Marriott hotel workers in Oakland, Calif., and Detroit returned to their posts Nov. 3 after reaching agreements with hotel management to end their strike after a month-long standoff.
The workers, represented by Unite Here Local 2850 in Oakland and Local 24 in Detroit, reached a labor deal this past Friday. Details surrounding the deal, which involve the Oakland Marriott City Center and Detroit's Westin Book Cadillac, have not been disclosed.
This concludes strikes at two Marriott hotels, but they continue at a further 21 Marriott hotels in San Jose, Calif.; San Francisco; San Diego; Maui and Oahu, Hawaii; and Boston, with roughly 7,000 Marriott workers participating.
“We are encouraged by the progress achieved in resolving the strikes in Oakland and Detroit with strong, fair contracts, and are hopeful that similar progress can be achieved in the other six cities still on strike,” D. Taylor, international president of Unite Here, said. “The progress made by Marriott this week in both cities shows that they are able to make reasonable movement, and we are hopeful that soon one job will be enough to live with dignity on at every Marriott in all cities.”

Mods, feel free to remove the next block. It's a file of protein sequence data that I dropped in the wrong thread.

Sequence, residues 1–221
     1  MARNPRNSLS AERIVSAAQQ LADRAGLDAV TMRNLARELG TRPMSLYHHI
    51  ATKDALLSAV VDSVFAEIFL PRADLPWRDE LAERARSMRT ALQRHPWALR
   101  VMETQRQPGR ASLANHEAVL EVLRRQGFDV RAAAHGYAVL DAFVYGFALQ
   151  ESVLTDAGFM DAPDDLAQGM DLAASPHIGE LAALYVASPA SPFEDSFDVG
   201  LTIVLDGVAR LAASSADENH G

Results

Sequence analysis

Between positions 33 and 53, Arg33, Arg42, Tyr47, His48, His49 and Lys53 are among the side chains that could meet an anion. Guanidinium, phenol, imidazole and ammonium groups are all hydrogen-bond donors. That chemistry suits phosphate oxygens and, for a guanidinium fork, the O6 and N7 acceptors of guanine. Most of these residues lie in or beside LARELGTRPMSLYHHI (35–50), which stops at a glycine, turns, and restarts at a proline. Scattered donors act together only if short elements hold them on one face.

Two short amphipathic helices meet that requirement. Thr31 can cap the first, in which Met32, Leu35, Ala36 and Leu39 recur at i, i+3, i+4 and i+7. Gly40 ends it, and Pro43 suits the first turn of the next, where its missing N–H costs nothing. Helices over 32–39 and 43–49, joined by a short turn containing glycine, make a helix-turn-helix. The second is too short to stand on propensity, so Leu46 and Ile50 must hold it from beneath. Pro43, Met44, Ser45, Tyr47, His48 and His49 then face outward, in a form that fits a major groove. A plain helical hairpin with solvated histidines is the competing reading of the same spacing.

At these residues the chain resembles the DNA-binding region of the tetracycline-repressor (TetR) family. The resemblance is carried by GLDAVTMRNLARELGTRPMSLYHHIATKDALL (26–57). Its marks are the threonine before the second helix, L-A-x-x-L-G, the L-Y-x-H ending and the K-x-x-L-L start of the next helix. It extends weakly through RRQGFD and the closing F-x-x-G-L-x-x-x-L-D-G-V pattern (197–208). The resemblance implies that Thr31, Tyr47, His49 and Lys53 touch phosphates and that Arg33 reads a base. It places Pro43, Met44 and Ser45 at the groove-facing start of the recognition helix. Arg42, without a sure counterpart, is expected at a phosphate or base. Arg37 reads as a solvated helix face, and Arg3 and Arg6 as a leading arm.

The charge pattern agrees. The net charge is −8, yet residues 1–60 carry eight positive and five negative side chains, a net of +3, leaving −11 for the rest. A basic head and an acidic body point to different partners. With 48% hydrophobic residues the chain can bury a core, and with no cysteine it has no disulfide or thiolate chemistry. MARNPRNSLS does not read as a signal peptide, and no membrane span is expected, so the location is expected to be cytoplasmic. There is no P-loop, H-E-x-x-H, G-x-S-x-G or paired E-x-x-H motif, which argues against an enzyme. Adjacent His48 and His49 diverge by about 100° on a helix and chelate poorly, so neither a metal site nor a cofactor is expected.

🚨BREAKING🚨— UNITEHERE! Local 24 (@UHLocal24) November 3, 2018
Striking workers at the Westin Book Cadillac have ratified a historic agreement. Today, our strike came to an end. Thank you everyone who stood with us. This agreement will change workers’ lives and the hotel industry in Detroit.#1job #MarriottStrike pic.twitter.com/PCDwSV1n9G
The cause for the strikes include worker concerns over automation, wages, benefits and working conditions. The details of the new contracts in Oakland and Detroit will be shared once agreements are reached at the remaining strike locations, according to Unite Here.
Related story: Marriott's hotel worker strike expands to Hawaii
Negotiations in San Francisco are expected to resume Nov. 12 and 13.
In Honolulu, Mayor Kirk Caldwell voiced his support for striking workers.
“We cannot replace you folks with machines. Machines don't have aloha. Without that, we lose our visitors because we lose our aloha," Caldwell said in a statement.